The role of Convention Bureau

Convention Bureaus (CVBs) can play a valuable part in bringing together meetings planners with local agencies representing charitable causes. As interest in offering social legacy activities as an add-on element of business events grows, a growing number of CVBs are taking on the role of key intermediary in bringing together the interested parties.

An outstanding example of this is seen in the activities of the Melbourne Convention + Visitors Bureau (MCVB) which, this year, won an award from Australia’s leading industry body, Meetings & Events Australia (MEA) for its record number of green initiatives and its contribution to instituting lasting legacies from business events held in Melbourne and Victoria, including significant fundraising initiatives for local charities. In respect of the latter, the MCVB offers a range of CSR tools and advice for those planning a business event in its destination. For details, visit the MCVB website:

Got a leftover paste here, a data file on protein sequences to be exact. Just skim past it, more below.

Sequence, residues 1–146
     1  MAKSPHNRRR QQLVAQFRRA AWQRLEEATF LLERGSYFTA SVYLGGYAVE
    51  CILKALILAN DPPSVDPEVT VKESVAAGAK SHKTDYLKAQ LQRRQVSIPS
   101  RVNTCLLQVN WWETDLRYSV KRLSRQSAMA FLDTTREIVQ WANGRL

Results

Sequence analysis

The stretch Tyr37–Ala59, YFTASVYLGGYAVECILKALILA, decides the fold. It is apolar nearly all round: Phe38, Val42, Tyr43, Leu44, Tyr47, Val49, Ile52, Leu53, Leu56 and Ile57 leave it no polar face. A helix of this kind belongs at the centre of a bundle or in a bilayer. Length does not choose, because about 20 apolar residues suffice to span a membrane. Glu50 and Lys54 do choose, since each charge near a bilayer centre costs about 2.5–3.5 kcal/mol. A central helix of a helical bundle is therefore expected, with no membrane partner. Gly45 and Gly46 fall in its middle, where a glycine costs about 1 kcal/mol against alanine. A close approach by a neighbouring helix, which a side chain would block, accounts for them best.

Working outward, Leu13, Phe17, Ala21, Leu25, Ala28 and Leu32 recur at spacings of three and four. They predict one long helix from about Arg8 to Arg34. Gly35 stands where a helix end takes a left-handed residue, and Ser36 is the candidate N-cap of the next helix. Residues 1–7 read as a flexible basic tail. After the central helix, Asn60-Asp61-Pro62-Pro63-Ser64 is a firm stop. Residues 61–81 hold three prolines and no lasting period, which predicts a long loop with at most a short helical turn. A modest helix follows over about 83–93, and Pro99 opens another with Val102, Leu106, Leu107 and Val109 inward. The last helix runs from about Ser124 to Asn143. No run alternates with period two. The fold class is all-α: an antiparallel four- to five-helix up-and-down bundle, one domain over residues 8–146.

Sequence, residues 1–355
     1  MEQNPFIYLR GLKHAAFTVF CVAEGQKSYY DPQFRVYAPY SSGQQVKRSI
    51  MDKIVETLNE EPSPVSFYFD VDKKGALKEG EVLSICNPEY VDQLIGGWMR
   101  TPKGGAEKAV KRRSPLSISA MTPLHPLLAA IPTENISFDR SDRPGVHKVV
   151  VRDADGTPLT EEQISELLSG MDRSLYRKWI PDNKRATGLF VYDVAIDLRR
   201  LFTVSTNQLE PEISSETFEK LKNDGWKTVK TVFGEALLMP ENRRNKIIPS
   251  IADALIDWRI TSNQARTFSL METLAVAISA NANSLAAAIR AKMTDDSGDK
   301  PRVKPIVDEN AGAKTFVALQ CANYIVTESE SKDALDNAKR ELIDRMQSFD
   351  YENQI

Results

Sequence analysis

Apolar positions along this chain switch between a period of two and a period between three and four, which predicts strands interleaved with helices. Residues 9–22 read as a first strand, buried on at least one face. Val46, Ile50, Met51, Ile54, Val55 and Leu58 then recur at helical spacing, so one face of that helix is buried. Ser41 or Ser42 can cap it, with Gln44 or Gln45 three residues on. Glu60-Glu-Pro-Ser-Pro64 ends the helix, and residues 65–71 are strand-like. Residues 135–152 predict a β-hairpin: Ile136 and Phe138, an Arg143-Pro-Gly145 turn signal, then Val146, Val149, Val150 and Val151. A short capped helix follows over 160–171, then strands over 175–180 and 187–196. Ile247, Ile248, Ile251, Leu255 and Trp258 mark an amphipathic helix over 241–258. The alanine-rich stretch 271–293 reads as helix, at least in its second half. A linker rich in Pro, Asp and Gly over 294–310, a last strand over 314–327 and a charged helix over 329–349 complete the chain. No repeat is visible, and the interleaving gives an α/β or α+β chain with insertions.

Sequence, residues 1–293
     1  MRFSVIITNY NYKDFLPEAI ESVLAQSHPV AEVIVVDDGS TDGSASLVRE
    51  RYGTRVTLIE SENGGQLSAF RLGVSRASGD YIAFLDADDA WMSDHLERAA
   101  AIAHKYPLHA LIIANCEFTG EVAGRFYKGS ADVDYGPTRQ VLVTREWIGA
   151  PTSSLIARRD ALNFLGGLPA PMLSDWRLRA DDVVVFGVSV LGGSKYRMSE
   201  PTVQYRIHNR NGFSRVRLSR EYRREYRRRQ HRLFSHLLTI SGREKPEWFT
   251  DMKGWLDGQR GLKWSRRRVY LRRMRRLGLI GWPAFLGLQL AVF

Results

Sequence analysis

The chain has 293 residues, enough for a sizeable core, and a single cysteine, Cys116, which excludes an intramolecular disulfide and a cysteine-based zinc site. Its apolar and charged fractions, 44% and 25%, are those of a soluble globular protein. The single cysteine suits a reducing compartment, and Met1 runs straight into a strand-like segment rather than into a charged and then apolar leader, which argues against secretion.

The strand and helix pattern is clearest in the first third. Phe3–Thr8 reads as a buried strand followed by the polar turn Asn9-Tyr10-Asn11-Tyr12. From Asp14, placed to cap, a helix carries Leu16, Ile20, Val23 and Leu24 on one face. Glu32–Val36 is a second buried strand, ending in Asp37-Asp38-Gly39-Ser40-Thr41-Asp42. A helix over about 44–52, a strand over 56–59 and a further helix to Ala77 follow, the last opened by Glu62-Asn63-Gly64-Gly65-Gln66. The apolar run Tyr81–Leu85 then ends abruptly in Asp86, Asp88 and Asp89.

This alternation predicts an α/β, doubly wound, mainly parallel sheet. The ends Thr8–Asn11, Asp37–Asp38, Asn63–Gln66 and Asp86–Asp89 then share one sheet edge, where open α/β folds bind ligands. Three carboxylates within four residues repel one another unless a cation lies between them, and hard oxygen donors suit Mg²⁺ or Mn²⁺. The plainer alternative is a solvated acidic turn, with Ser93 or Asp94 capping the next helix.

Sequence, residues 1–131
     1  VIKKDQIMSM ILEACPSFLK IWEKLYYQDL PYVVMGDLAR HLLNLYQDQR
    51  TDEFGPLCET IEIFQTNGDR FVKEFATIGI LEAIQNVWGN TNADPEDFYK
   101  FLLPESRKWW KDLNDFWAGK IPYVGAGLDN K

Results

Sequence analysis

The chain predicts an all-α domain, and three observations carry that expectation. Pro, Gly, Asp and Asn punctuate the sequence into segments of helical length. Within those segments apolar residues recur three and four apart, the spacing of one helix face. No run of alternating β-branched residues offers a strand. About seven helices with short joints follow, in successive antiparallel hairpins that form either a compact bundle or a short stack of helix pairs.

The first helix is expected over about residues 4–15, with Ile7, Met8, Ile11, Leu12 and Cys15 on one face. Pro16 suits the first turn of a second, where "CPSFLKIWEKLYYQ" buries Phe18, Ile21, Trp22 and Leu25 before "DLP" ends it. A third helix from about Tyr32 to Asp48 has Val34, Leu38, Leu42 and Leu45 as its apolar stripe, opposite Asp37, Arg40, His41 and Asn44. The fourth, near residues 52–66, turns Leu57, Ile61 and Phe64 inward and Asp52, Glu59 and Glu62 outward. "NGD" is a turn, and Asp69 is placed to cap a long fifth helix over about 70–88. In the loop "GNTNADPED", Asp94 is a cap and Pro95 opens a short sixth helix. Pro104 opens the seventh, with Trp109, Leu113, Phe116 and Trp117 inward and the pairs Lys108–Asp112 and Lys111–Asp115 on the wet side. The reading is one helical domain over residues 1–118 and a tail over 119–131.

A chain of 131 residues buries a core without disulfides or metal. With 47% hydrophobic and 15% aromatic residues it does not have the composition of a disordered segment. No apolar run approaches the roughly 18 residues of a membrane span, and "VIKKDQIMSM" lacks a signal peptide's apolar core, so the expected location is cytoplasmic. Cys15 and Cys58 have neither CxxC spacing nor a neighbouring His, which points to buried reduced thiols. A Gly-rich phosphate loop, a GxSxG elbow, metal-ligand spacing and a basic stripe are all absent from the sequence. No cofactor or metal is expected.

www.mcvb.com.au/about-mcvb/corporate-social-responsibility.aspx

Conclusion

It is clear that interest in the CSR aspect of conferences is still growing fast – and increasingly focusing not only on ‘green’ issues but on the social legacy that such events can leave behind. It may even be argued that by adding a social legacy dimension to conferences, organisers are making use of a valuable opportunity to avoid the accusation that meetings are a wasteful and extravagant use of company resources. This is a movement being driven by Generation Y, the fastest-growing age-group in the global work-force – and so it is here to stay.